The outgoing BMW Group CEO Norbert Reithofer says political initiatives in a number of markets are directly related to an increase in the i3 sales. “We can see a clear connection between sales figures and political initiatives,” Reithofer said in a speech at the company’s annual press conference in Munich last week. “Wherever governments offer tangible incentives for e-mobility, the registration figures for the BMW i3 soar.”
Reithofer says in Norway BMW sold over 2,000 i3 units in 2014, correlating to twenty five percent of the overall BMW sales in the country. Norway is well-known for its charging infrastructure and the zero-tax policy on sales and registration of electric vehicles. In California, BMW sold over 3,000 i3s last year, almost fifty percent of all i3s sold in the US. The State of California has been a champion in financial subsidies and benefits for EVs and hybrids, and their initiatives are now followed by others states as well.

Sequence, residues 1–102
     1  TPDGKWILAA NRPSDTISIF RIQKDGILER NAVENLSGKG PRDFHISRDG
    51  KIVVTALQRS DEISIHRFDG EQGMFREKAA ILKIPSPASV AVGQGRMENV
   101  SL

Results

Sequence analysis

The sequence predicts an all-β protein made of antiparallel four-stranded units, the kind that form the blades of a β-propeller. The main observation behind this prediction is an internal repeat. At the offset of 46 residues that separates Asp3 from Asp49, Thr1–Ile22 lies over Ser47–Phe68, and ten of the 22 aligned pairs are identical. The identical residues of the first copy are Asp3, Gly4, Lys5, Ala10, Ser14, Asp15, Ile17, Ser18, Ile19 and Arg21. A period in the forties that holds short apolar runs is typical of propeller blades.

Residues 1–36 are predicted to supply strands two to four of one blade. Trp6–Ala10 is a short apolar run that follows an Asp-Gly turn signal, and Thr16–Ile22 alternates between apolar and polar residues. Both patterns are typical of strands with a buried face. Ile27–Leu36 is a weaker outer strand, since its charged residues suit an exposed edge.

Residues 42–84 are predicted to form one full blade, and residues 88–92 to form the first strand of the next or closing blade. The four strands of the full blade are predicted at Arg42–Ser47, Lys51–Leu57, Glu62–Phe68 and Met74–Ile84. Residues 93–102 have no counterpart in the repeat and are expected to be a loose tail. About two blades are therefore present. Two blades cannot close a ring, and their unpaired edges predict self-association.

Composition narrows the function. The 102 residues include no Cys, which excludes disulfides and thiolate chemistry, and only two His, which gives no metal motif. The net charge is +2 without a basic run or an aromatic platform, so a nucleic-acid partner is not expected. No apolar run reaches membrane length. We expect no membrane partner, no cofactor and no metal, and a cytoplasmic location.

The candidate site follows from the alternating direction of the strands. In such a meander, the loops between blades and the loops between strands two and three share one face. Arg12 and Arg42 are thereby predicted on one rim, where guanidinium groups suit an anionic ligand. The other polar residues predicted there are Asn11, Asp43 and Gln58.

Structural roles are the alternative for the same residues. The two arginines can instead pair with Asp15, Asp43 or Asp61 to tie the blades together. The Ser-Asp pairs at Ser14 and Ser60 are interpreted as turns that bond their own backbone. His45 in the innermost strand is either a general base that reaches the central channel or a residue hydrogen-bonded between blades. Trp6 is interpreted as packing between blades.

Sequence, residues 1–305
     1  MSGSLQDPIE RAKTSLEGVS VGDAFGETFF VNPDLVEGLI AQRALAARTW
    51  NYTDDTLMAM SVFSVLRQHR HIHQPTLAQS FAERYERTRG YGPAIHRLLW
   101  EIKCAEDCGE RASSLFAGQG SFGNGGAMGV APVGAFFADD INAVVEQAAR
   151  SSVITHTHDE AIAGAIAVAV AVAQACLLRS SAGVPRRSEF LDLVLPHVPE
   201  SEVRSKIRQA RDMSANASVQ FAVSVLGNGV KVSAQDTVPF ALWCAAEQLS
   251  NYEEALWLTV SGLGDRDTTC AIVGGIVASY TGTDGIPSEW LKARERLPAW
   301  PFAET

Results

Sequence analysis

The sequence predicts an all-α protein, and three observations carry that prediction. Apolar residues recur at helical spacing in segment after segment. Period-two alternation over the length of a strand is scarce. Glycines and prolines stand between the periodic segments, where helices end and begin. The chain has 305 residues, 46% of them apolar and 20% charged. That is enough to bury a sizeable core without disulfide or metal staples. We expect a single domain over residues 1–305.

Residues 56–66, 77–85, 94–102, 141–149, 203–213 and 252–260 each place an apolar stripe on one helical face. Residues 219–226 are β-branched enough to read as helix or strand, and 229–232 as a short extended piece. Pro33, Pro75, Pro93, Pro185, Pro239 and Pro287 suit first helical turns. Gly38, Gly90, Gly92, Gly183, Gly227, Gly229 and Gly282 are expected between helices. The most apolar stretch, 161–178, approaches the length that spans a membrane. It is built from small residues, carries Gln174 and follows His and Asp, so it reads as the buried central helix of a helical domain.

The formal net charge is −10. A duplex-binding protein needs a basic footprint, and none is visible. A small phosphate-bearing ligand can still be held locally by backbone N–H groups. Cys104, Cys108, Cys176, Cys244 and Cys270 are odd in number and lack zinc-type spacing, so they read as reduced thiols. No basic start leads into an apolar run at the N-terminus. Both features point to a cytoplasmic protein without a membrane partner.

In Shanghai, the i3 is not subject to a restrictive licensing process, meaning buyers save more than 10,000 euros, Reithofer said.
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In Germany EVs are exempt from the annual vehicle tax for 10 years. BMW sold about 2,100 i3s in Germany last year, about 1 percent of total BMW sales in the country. But Reithofer believes the German government can do more to speed the adoption of EVs. “The German carmakers have delivered their part of the bargain. The ball is in now in the court of policymakers,” he said. Germany needed to “pick up the pace” when it comes to electric mobility, he said.
The German government calls for a plan with 1 million electric vehicles on the road by 2020.